This banner is to honor those I love and those I don’t even know. I’m very happy with the way it turned out especially considering I didn’t think to measure the space between the posts before I had all the triangles made!
Sometimes things get heavy and I just need a little escape. That’s the time here right now. So I drew a little open wreath in my MeAnndering tablet (actual paper!)…
…and then decided to use it as inspiration for a little free-motion quilting. My first thought was to just quilt the open wreath and then to paint the flowers and leaves but now I think I’ll just keep quilting and make it a wholecloth quilt.
It’s looking pretty traditional which is not what I do much anymore but free-motion quilting, for me is pure joy, at least it is when the thread doesn’t break!
I hope you are safe and well and masking when going out.
For a moment there my design work table was cleaned off, but no more.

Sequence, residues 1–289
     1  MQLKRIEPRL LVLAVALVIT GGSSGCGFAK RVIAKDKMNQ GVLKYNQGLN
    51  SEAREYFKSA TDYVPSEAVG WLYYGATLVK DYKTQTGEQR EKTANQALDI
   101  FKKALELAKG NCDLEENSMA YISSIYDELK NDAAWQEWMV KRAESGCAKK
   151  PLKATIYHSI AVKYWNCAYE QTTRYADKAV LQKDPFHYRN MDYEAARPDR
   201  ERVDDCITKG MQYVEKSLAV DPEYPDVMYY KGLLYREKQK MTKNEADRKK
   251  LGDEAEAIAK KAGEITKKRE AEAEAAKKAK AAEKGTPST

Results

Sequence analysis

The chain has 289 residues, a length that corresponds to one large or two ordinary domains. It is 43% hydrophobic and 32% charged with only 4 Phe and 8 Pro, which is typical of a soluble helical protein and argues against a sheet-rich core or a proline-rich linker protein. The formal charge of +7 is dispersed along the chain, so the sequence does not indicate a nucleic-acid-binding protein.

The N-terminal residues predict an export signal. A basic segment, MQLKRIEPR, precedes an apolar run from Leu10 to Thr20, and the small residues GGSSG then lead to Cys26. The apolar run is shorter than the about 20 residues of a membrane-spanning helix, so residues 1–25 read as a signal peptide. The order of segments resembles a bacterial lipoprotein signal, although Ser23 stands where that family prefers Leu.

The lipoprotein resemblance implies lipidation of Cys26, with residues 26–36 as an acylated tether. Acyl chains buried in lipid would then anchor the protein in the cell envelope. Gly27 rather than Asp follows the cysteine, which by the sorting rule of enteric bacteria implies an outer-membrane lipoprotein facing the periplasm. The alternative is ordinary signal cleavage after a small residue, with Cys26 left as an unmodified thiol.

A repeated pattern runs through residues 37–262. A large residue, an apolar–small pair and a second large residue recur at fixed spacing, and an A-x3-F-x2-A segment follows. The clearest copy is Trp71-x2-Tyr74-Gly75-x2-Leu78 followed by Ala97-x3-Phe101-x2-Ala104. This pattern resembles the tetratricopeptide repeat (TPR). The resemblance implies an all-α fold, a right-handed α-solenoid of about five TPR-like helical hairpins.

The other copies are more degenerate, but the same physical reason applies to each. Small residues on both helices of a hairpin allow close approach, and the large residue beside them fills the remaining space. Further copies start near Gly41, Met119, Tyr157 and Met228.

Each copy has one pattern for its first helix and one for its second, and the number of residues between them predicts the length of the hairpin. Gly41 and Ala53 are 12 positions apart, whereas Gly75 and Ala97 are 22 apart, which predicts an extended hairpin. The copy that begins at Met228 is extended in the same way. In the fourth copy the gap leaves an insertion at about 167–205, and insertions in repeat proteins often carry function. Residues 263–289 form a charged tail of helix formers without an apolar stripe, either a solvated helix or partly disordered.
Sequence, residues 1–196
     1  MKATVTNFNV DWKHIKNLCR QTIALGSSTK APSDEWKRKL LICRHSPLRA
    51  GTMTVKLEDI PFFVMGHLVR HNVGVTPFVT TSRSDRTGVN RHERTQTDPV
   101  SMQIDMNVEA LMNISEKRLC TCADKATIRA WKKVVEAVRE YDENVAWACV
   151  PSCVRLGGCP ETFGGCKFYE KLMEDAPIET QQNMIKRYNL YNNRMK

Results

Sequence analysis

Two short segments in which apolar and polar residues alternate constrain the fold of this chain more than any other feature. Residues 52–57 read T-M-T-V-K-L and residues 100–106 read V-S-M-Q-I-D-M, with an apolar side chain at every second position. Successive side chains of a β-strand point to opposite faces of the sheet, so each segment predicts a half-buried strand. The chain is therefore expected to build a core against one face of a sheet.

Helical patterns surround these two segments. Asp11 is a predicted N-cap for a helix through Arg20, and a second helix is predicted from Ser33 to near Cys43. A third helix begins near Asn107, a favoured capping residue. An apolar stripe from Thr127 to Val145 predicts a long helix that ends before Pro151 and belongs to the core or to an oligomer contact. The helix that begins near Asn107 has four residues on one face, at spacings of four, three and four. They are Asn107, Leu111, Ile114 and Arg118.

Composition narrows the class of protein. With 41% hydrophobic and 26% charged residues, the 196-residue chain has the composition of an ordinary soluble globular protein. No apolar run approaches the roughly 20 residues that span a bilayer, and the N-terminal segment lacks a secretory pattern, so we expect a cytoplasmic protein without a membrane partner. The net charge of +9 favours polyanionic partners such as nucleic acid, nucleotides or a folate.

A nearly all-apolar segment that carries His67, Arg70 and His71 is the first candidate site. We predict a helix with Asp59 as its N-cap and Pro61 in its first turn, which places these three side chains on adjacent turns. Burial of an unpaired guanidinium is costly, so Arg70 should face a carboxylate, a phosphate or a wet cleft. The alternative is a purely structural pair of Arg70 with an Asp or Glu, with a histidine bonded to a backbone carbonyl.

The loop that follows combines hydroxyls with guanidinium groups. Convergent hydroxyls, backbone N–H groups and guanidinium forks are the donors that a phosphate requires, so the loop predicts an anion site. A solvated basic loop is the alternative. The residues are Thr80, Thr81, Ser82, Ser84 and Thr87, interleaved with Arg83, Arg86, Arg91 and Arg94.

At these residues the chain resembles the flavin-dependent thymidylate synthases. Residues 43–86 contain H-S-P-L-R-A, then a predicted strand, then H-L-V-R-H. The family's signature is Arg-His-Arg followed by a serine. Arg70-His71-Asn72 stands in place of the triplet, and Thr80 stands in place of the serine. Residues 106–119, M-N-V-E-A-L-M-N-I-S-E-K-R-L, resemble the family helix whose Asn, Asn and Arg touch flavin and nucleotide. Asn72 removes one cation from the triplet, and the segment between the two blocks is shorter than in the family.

Making cards and masks just seems to generate more scraps. I have been able to share small pieces of fabric with a few other people and that feels good – To move it out while giving to someone who may have no other way to get fabric right now.
Because I primarily work small I don’t have many long yards of fabric but I have a lot in smaller pieces. In fact I didn’t realize how much until I started picking pieces for friends.
Speaking of pieces here are my sample/suggestion pieces for the Visions Art Museum member challenge week three. My theme: Special Delivery, you are the chef, what would you plate up?
I made one piece in fabric and the other in paper. If I ever make paper collage again I’ll be cutting the pieces with scissors. I did discover if I use a cotton swab to dampen the paper it tears much easier, but still I think cutting would be more fun and would for sure be easier on the fingers.
Using pieces from magazines was much more limiting (and challenging!) for me than fabric. That’s one reason the plate in the paper collage is made from my – fabric painting mop-up paper towels; much easier to tear.